We hope that this article helped you know more about Kashmiri jewellery. Now, whenever you think of buying a piece of Kashmiri jewellery, you know how incredibly special it is.

Also Read: A-Z Guide on Contemporary Jewellery

In case you desire to buy some silver jewelery, head over to our jewellery section where you can buy ringsearringspendantsbangles & bracelets and necklaces.

Unraveling the Beauty of Chikankari Work

Unraveling the Beauty of Chikankari Work

Chikankari work is a traditional style of embroidery that originated in Lucknow, a city in the northern state of Uttar Pradesh, India. The word ‘Chikankari’ comes from the Persian word ‘Chikan,’ which means ’embroidery.’ The art of Chikankari work involves delicate and intricate embroidery using white cotton threads on fine muslin or other lightweight fabrics.

The embroidery designs in Chikankari work are inspired by nature, such as flowers, birds, and leaves, as well as traditional motifs like paisleys, vines, and geometric shapes. The embroidery work is done by hand, using a needle and white cotton thread. The artisans specializing in chikankari embroidery are known as ‘Karigars’ and have been practicing this art for generations.

Chikankari work is known for its intricate detailing, exquisite patterns, and unique stitches.

The embroidery is typically done on sarees, salwar kameez, dupattas, and other traditional Indian outfits. It is also used in creating home decor items like bedspreads, cushion covers, and tablecloths.

Historical Significance of Lucknow Chikankari Work

Unraveling the Beauty of Chikankari Work 5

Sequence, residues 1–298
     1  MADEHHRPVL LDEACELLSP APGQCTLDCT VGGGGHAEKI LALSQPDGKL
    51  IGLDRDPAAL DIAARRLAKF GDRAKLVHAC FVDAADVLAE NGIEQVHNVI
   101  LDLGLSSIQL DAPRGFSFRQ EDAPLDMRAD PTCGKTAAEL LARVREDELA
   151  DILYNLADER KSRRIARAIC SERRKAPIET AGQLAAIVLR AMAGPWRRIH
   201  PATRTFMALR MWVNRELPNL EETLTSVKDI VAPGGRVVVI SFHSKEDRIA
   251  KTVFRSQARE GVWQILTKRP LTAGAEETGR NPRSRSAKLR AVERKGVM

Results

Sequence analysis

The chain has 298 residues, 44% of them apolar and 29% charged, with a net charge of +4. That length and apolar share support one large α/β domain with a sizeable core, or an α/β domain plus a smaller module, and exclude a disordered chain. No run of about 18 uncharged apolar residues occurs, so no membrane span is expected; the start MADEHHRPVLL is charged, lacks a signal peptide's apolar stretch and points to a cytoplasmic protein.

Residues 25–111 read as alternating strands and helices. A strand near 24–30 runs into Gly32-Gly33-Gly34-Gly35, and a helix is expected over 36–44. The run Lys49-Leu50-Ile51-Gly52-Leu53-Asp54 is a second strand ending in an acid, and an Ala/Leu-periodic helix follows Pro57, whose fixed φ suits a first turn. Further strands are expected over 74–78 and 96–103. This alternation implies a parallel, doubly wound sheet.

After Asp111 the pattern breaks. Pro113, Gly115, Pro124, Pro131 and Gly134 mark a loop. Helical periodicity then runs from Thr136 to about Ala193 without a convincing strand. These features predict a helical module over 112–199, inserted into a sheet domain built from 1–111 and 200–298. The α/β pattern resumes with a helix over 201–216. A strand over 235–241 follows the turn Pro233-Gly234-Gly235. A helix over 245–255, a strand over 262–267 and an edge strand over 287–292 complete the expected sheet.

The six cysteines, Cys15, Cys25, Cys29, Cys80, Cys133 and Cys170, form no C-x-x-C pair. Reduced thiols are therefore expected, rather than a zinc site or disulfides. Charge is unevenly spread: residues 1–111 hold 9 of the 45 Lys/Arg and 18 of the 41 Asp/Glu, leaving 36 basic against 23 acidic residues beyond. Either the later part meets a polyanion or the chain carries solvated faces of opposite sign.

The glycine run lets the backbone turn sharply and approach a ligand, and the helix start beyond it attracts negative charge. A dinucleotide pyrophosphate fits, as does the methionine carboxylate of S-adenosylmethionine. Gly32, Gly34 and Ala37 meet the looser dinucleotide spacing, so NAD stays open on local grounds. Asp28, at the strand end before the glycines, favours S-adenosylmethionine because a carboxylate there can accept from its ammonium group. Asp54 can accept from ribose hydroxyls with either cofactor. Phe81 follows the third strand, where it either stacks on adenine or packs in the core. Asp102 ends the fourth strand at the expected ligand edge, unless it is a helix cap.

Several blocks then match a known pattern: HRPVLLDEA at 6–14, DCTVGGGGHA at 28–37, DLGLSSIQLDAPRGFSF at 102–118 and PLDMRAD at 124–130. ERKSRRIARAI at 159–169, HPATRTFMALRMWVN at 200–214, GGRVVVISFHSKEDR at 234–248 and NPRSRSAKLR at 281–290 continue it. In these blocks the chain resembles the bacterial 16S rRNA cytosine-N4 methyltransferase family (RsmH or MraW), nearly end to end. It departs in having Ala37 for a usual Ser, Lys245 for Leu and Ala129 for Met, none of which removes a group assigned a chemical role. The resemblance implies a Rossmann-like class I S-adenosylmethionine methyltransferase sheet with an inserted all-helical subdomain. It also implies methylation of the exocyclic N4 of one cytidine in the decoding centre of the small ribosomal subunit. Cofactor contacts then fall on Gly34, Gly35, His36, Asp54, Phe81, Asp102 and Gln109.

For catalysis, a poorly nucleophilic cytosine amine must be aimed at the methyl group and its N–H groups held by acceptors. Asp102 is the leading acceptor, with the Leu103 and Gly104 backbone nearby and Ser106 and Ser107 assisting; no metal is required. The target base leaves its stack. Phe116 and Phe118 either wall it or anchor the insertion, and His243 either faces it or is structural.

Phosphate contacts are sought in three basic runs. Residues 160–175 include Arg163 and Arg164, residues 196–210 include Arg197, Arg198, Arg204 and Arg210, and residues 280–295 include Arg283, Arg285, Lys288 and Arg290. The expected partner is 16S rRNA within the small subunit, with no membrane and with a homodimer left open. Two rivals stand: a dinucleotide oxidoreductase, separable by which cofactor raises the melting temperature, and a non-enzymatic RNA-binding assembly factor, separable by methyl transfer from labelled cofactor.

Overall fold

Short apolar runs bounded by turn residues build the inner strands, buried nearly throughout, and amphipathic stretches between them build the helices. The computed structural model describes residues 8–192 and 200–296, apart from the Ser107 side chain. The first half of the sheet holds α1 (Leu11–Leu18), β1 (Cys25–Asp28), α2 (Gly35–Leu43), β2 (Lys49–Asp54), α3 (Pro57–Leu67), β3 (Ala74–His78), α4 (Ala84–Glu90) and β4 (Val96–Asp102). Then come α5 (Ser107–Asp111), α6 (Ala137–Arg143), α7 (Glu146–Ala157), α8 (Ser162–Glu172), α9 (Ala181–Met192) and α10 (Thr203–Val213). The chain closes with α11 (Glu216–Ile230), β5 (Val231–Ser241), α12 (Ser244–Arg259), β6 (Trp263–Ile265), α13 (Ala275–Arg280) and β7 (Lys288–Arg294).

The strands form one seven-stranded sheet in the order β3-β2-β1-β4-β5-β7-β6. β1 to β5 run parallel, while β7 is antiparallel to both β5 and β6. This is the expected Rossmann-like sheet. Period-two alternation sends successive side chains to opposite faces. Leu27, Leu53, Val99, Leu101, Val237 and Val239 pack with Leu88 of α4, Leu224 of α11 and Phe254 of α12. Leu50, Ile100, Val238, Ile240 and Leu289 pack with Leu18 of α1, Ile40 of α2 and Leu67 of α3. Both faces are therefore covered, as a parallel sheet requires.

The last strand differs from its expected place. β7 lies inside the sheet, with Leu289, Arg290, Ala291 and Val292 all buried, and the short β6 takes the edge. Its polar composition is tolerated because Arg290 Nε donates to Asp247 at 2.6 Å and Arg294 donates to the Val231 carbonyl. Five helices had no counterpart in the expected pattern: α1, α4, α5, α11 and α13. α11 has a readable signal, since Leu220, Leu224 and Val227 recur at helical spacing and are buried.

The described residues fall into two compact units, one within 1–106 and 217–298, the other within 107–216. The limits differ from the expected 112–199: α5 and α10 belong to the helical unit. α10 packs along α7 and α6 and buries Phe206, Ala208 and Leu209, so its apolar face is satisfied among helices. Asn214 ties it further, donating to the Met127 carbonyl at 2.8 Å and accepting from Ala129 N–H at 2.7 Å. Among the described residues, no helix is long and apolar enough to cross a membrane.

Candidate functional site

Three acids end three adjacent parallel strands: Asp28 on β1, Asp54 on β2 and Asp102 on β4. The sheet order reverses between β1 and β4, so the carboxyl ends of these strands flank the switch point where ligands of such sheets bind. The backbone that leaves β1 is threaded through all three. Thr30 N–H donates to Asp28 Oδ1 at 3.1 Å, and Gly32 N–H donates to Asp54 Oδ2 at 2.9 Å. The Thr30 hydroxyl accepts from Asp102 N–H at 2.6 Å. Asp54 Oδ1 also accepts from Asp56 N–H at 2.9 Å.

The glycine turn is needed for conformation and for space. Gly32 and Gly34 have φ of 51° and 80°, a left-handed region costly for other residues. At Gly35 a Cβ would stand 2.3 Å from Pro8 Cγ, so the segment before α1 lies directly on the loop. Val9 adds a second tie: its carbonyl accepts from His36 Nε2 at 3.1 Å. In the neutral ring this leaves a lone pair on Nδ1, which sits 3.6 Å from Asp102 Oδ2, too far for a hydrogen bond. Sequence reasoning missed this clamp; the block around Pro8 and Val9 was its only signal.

Chikankari embroidery is an ancient craft that has survived for centuries, with roots tracing back to the Mughal era. This exquisite handiwork is a testament to the artistry and skill of the craftsmen who have carried on this tradition through the generations, and it continues to be celebrated as a symbol of Indian heritage and culture.

Chikankari’s work technique involves intricate and delicate embroidery with fine thread on muslin or cotton fabric. The motifs used in chikankari embroidery include flowers, paisleys, vines, and other traditional Indian designs.

The Origin of Chikankari in Lucknow

Chikankari embroidery was introduced to Lucknow by Nur Jehan, the wife of Mughal Emperor Jahangir. Nur Jehan was known for her love of the arts, and it is believed that she brought skilled artisans from Bengal to teach the technique of Chikankari embroidery to the women of the Mughal court in Agra, which was the capital of the Mughal Empire at the time.

Chikankari work has significant historical and cultural significance. It was traditionally done by hand, and skilled artisans would spend months creating intricate designs on fabric. The popularity of chikankari work reached its peak during the Mughal era when the technique was used to embellish royal attire, including robes and tunics worn by Mughal emperors and their queens.

Chikankari: An Economic Boost for Lucknow 

The craft also played a significant role in the cultural and economic development of Lucknow. During the late 18th century, the chikankari industry in Lucknow employed over 50,000 people, including men and women from various social and economic backgrounds. It was also a means for women to earn a livelihood and gain financial independence.